Far and wide: This map was created using data from the researchers’ census. About a quarter of the address space is still unassigned (blue), a quarter appears to be relatively densely populated (green), and nearly half of the space has few servers or did not respond to queries (red).
The new map of the Internet suggests that there is room for more hosts even if addresses are running out. The map reveals that, while roughly a quarter of all blocks of network addresses are heavily populated and therefore efficiently used, about half of the Internet is either used lightly or is located behind firewalls blocking responses to the survey. The last quarter of network blocks consists of addresses that can still be assigned in the future.
The USC research group used the most innocuous type of network packet to probe the farthest reaches of the Internet. Known as the Internet Control Message Protocol, or ICMP, this packet is typically used to send error messages between servers and other network hardware. Sending an ICMP packet to another host (an action known as pinging) is generally not seen as hostile, Heidemann says. “There are certainly people who misunderstand what we are doing,” and interpret it as the prelude to an attack, he says. “By request, we remove them from the survey, but its fewer people than you might think. Pings are pretty innocuous.”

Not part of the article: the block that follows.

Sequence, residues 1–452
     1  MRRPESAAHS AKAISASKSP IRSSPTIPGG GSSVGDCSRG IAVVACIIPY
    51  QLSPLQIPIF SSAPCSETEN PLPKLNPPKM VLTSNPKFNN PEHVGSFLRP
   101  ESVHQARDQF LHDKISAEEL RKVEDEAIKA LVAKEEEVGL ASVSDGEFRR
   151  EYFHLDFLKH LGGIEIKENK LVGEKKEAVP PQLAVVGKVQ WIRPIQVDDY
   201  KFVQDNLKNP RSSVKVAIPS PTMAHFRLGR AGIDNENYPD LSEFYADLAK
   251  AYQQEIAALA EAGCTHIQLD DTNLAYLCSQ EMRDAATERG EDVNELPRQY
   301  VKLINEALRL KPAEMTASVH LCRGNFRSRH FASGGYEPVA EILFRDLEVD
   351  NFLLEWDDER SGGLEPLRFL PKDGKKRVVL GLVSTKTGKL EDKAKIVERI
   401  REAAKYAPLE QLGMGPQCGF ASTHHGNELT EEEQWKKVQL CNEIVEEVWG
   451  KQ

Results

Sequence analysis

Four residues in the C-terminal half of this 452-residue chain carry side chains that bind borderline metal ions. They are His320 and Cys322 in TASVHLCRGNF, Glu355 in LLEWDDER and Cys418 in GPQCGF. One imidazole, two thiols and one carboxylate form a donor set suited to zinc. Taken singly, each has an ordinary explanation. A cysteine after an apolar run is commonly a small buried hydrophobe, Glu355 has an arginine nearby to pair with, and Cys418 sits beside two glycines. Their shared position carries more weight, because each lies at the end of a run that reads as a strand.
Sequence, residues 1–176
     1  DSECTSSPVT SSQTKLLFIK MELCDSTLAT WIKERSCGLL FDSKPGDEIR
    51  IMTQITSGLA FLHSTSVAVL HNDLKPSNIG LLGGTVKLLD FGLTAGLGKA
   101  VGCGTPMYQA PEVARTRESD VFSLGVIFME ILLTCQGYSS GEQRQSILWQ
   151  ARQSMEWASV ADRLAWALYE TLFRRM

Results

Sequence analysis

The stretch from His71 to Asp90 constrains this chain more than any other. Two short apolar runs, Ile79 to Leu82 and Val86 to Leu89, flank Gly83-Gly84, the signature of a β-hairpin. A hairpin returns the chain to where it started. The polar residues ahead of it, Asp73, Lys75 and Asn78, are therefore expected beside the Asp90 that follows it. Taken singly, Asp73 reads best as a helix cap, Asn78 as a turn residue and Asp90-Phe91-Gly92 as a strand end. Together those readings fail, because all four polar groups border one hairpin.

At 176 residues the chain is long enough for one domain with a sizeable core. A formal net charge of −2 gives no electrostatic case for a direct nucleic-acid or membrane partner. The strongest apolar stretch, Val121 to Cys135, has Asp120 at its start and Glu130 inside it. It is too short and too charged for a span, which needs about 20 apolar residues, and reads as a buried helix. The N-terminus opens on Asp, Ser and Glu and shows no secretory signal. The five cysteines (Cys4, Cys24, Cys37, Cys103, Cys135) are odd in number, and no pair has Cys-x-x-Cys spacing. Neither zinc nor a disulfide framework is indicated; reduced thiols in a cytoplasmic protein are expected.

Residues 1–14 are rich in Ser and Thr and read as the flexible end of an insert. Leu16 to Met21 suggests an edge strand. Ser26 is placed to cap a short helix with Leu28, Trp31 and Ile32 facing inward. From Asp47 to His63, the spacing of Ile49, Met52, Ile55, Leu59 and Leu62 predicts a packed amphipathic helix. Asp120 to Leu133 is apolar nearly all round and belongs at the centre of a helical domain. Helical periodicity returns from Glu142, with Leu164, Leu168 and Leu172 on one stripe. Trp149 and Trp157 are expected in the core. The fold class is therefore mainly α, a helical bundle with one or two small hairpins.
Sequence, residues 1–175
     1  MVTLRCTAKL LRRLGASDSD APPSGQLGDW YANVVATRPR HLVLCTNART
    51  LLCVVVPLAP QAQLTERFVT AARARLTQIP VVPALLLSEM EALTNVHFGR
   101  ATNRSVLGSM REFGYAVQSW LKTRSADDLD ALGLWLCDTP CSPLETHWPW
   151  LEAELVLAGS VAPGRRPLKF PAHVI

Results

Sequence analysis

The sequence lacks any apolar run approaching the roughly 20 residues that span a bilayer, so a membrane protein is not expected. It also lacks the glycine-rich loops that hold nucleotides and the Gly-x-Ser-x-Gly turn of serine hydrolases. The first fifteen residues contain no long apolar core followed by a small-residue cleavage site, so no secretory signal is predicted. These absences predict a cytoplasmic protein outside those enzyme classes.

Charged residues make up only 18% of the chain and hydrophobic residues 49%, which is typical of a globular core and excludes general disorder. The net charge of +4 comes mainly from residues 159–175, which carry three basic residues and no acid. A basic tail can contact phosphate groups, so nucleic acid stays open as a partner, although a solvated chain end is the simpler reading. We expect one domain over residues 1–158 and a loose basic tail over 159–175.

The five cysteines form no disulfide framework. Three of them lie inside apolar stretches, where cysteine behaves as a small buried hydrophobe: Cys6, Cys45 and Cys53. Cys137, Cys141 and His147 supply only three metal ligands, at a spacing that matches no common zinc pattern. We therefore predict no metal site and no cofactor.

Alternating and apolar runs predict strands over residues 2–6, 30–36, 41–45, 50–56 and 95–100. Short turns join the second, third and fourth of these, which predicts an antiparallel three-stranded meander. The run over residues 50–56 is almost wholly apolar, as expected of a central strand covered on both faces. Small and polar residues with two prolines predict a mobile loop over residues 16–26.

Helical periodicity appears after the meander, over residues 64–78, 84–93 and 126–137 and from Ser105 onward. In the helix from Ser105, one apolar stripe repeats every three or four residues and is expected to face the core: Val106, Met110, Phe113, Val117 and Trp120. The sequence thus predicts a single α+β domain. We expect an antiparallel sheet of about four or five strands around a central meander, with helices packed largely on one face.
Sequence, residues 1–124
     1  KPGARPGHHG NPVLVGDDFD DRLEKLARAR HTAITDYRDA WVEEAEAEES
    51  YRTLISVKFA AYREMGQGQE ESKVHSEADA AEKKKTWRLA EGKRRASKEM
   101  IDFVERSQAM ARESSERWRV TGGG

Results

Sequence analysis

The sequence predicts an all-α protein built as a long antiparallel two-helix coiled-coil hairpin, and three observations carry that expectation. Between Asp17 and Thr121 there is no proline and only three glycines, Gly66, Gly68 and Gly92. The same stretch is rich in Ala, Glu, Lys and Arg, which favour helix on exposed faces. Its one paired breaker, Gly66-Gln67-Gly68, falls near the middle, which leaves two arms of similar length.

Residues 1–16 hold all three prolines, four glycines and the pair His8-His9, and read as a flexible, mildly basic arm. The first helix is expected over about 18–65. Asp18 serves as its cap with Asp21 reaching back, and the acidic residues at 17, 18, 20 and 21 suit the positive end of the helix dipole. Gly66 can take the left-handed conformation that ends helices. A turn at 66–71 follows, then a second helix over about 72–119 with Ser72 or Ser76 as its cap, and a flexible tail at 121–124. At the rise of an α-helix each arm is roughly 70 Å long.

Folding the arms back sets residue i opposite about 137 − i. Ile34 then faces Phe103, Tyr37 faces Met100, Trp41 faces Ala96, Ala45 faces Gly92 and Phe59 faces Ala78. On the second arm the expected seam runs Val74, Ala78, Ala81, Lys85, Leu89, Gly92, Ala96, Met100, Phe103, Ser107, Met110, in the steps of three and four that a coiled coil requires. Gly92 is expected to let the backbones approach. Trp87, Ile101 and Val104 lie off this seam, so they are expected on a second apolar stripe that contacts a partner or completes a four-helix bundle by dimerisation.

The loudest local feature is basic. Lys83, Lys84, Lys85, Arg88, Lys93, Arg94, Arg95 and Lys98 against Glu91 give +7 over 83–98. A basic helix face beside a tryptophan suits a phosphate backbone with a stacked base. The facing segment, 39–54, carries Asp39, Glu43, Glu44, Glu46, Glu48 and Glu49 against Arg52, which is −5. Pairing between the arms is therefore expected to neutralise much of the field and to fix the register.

The researchers found that ICMP pings stack up well against another method of host detection, the Internet’s main means of transmitting data: the Transmission Control Protocol, or TCP. TCP-probing is a common technique used by network scanners, but it tends to take longer and is considered more aggressive than ICMP pings, so it may be blocked. To compare the effectiveness of each technique, the team probed a million random Internet addresses using both ICMP and TCP, finding a total of 54,297 active hosts. ICMP pings elicited a response from approximately three-quarters of visible hosts, while TCP probes garnered a response slightly less than two-thirds of the time.
In total, the researchers estimate that there are 112 million responsive addresses, with between 52 million and 60 million addresses assigned to hosts that are contactable 95 percent of the time.
The survey may miss computers behind firewalls or computers that do not respond to pings, but the overall conclusion–that the Internet has room to grow–is spot on, says Gordon Lyon, a security researcher who created the popular network scanning tool NMAP.
“There are huge chunks of IP space which are not allocated yet, and also giant swaths which are inefficiently allocated,” Lyon says. “For example, Xerox, GE, IBM, HP, Apple, and Ford each have more than 16 million IP addresses to themselves because they were allocated when the Internet was just starting.”